Language Selection

English French German Italian Portuguese Spanish

Nvidia $192 Tegra TK1 board could be used as a Linux gaming PC

Filed under
Linux
Gaming

Nvidia is bringing supercomputer-class performance to its $192 Jetson TK1 computer, which is targeted at embedded devices but could be used as a Linux-based gaming PC.

The TK1 is an uncased board with all the major components on it, much like the popular Raspberry Pi. But the computer offers 300 gigaflops of performance, and Nvidia said it could be used as a PC for games supporting ARM processors and the Linux OS.

Read more

More in Tux Machines

Linux Mint 17.1 “Rebecca” KDE RC released!

The team is proud to announce the release of Linux Mint 17.1 “Rebecca” KDE RC. Read more

Get Out the Vote for LinuxQuestions.org

One great thing about this poll — probably the best thing about this poll — is that each of the categories has an extremely wide range of candidates, and there are programs in many of the categories that I’ve never heard of. Hearing about them for the first time, I get to try them out. So not only is it fun — yeah, I think voting is fun (so shoot me) — it’s also educational. Read more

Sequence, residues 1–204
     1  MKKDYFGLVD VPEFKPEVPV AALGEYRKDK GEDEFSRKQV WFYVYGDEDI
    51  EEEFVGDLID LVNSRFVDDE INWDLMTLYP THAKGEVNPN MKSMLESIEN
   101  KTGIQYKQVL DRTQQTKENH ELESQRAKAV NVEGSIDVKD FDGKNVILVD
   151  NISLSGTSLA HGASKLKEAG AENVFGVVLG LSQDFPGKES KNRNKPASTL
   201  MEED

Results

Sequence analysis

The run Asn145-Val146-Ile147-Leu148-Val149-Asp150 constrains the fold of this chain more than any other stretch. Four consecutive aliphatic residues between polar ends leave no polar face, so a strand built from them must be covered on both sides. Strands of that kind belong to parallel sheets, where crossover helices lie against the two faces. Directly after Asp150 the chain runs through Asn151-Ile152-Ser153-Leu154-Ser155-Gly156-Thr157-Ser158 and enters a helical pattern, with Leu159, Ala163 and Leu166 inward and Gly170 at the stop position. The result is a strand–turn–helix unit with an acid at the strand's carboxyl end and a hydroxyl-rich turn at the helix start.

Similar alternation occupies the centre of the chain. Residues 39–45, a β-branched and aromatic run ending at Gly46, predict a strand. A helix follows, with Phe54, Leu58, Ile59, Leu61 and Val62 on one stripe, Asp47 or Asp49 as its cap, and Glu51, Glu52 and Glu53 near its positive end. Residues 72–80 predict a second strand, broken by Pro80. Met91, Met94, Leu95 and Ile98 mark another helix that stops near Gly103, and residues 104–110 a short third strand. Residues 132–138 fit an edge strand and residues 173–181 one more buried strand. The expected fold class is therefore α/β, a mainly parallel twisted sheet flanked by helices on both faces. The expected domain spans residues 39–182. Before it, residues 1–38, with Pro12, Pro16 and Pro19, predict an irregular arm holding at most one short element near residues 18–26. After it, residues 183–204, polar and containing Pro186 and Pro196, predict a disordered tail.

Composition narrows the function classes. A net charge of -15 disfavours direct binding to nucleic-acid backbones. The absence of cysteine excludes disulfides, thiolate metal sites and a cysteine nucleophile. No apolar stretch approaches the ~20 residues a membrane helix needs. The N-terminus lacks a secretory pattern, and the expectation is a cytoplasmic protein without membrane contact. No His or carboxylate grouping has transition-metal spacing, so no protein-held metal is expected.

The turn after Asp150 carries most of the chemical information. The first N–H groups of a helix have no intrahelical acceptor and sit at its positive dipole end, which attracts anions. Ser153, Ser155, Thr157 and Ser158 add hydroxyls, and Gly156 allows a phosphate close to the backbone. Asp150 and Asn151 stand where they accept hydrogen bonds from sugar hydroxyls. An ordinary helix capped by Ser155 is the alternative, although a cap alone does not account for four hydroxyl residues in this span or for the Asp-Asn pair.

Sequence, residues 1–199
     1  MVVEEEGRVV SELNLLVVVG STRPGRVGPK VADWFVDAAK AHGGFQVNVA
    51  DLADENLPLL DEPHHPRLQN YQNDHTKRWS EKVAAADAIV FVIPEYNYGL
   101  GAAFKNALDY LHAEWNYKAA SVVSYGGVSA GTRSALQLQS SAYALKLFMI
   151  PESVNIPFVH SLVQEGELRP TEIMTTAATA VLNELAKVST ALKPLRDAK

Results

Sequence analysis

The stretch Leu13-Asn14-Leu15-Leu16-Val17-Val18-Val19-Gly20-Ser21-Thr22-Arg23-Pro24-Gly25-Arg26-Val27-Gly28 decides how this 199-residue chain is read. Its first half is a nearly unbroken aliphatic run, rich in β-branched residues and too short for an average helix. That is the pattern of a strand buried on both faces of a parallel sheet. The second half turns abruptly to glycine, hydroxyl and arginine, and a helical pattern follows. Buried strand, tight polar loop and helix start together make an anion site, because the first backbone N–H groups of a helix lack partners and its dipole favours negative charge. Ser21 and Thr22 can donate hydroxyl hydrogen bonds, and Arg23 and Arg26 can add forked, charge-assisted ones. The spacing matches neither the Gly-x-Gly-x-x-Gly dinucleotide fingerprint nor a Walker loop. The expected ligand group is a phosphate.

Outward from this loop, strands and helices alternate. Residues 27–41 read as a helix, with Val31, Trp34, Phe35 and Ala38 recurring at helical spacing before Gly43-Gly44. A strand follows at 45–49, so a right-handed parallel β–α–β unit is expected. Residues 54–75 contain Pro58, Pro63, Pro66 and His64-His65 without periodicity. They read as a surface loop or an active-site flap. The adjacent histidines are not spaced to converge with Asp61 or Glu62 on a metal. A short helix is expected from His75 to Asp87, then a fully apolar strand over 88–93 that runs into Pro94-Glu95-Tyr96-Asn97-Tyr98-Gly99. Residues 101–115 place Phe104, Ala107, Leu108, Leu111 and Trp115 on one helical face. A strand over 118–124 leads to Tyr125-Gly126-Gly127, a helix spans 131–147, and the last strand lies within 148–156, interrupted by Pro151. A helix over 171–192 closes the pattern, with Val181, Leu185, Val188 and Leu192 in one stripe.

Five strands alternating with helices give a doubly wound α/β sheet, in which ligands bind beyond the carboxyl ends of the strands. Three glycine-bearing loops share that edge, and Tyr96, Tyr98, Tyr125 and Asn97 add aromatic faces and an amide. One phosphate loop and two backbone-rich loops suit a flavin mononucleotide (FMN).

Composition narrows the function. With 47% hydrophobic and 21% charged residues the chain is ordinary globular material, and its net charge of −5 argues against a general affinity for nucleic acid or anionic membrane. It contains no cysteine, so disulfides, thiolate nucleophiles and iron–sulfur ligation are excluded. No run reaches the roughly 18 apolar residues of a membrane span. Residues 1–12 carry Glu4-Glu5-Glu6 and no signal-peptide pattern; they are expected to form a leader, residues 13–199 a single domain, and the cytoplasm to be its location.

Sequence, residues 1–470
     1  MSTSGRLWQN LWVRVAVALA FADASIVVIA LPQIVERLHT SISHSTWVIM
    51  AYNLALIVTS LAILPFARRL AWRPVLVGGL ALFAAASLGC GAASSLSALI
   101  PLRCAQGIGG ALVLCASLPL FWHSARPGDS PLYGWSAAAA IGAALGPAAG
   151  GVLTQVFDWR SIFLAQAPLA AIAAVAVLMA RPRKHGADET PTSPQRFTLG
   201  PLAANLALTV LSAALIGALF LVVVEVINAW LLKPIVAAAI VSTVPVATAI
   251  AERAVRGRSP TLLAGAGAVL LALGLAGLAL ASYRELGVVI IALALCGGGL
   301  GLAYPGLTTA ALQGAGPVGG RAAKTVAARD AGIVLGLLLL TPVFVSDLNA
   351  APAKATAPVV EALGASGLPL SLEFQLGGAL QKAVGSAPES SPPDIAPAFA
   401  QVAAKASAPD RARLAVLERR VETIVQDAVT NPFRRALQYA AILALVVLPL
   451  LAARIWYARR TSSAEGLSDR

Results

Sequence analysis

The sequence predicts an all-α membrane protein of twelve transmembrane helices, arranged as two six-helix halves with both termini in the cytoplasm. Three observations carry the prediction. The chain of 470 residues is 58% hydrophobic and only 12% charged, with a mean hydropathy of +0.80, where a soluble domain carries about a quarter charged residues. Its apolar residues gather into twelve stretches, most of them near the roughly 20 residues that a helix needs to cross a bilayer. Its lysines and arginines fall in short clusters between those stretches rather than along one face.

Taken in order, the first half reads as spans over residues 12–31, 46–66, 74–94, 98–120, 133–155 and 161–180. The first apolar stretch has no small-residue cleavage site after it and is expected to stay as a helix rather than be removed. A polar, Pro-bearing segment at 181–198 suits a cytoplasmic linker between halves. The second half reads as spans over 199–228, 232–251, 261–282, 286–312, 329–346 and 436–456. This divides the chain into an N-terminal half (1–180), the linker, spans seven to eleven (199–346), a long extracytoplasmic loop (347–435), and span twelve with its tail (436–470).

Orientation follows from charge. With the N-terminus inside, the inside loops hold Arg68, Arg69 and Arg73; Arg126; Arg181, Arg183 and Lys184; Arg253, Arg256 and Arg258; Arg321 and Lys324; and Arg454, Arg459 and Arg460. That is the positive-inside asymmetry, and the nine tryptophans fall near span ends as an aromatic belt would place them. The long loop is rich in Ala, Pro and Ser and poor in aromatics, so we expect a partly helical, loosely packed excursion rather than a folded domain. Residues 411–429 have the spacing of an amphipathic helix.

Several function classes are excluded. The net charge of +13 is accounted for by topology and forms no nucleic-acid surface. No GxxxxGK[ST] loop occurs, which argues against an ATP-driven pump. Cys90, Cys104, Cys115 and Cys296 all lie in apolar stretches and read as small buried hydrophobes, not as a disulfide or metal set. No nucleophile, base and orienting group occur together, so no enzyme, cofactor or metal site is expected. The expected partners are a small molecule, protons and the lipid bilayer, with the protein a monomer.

SuperX 3.0 Beta Released

SuperX, a relatively new distribution, just released beta for its upcoming 3.0 release. SuperX is a KDE centric distribution, and focuses on giving a polished KDE experience (a marketing statement, SuperX guys use). Read more

Google and ODF

  • Fuzz about Google supporting odf
    First of all because the support comes way too late. Secondly because its not even close to be good. Back several years ago Google was politically supporting the process of getting odf approved as an open standard but they never really bothered. The business was clearly to keep both odf and ooxml/docx out of their products and keep their own proprietary document format. Implementing good and solid interoperability is actually not difficult but it is a huge task. Google could have done this three or four years ago if they wanted to. But they didn't. Both proprietary software vendors has been busy making interoperability difficult while the providers of true open standards has been improving interoperability month by month.
  • Google Promises Better Compatibility with Open Source Documents
    Google (GOOG) may soon be taking open OpenDocumentFormat (ODF), the native file format in virtually all modern open source word processors, like LibreOffice and OpenOffice, more seriously. That's according to a statement from Google's open source chief speaking about the future of the company's cloud-based app suite.